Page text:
Decades ago, when a customer found that my Tera Ohm Meter expensive, He suggested the specs for this low cost scaled-down model. This was found useful for people sub-contracting Telecom Equipment Manufacturing.
Here are some Test and measurement notes. These ideas come from practical experience. But the jots are not in any order but are quite important.
The LM3914 is a monolithic integrated circuit that senses analog voltage levels and drives 10 LEDs, providing a linear analog display. A single pin changes the display from a moving dot to a bar graph. Current drive to the LEDs is regulated and programmable, eliminating the need for resistors. This feature is one that allows operation of the whole system from less than 3V.
The circuit contains its own adjustable reference and accurate 10-step voltage divider. The low-bias-current input buffer accepts signals down to ground, or V–, yet needs no protection against inputs of 35V above or below ground. The buffer drives 10 individual comparators referenced to the precision divider. Indication non-linearity can thus be held typically to ½%, even over a wide temperature range.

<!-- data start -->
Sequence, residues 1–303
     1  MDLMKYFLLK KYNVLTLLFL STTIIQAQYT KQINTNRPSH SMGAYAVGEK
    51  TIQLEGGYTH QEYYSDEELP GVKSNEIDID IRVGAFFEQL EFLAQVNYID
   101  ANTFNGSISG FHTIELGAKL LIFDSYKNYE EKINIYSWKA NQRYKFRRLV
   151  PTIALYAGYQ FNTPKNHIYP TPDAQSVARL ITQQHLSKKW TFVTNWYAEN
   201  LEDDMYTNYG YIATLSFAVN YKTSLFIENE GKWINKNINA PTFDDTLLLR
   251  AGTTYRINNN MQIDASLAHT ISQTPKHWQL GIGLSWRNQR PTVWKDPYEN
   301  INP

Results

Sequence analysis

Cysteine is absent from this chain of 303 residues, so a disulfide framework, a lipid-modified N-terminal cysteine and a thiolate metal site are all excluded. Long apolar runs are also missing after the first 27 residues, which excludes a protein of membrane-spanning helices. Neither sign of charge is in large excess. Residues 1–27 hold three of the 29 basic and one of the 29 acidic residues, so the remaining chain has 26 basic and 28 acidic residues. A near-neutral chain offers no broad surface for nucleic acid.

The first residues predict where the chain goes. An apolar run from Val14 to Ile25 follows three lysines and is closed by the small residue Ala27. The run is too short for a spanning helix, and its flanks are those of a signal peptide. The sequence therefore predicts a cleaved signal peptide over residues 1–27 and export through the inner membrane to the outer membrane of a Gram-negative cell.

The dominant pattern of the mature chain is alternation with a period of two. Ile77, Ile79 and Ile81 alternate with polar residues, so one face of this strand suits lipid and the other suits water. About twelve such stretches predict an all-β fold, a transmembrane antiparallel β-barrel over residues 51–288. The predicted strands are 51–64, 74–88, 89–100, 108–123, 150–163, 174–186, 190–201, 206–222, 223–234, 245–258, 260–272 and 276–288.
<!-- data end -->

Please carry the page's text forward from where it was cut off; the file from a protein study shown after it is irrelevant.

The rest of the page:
My LM3914 Circuits
Millivolt Meter using a LM3914 LED Dot Display
Rechargeable AA cells are very popular for a large variety of portable applications. The number of brands is also high, and the cell quality can differ considerably. Cell capacity is sometimes different from that specified, and the capacity often deteriorates dramatically after a limited number of discharge cycles. ….
See Maxim Application Note – Simple Characterization Circuit for Rechargeable AA Cells
This characterization circuit, plus a PC and some software, accurately measures the full discharge cycle for a rechargeable AA cell. Cell capacity and output resistance can easily be determined from the curve resulting from these measurements.
In Figure 1, the simple circuit is connected to the USB port of a PC. No external power source is required because power is extracted from the USB bus voltage. U1 (DS9490R) is a USB dongle that converts the USB protocol to the 1-Wire® protocol, thereby allowing the PC to communicate with the key circuit component (U2).